Grief, faith and eighteenth-century childhood: the Doddridges of Northampton

Katie Barclay*

*Corresponding author for this work

Research output: Chapter in Book/Report/Conference proceedingChapterpeer-review

4 Citations (Scopus)

Abstract

The Doddridge family of Northampton were an active, eighteenth-century, non-conformist family, led by the popular spiritual writer, Philip Doddridge. They left a remarkable correspondence between themselves and the wider congregation that provides insight into how this religious group dealt with child death. This chapter explores how the faith of this group, and their understanding of salvation for children, informed their grief responses and how they drew on each other in a process of sympathetic engagement as a form of consolation. It also highlights how the children of this sect were educated to respond to child death and the ways that conceptions of childhood and adolescence informed expectations of their grief responses and the resulting spiritual implications for child faith.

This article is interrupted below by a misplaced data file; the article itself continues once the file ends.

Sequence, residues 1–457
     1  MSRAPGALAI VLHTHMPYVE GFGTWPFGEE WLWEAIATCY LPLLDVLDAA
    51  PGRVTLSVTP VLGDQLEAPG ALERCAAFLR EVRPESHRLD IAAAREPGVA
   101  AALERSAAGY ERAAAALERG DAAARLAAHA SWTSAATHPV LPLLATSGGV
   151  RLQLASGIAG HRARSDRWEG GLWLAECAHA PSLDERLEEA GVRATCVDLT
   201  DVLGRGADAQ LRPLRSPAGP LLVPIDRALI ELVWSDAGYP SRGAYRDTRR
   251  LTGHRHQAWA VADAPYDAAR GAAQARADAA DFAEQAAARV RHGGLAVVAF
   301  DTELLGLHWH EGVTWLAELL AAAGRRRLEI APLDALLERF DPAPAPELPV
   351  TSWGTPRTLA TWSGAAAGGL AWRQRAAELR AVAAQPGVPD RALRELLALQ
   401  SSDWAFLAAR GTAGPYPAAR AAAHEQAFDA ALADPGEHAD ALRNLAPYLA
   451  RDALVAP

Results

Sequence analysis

Original languageEnglish
Title of host publicationDeath, emotions and childhood in premodern Europe
EditorsKatie Barclay, Kimberley Reynolds, Ciara Rawnsley
Place of PublicationLondon
PublisherPalgrave Macmillan
Pages173-189
Number of pages17
ISBN (Electronic)9781137571991
ISBN (Print)9781137571984
DOIs
Publication statusPublished - 2016
Externally publishedYes

Publication series

NamePalgrave Studies in the History of Childhood
PublisherPalgrave Macmillan
ISSN (Print)2634-6532
ISSN (Electronic)2634-6540

Keywords

  • Child Death
  • Eighteenth Century
  • Good Death
  • Letter Writing
  • Religious Education

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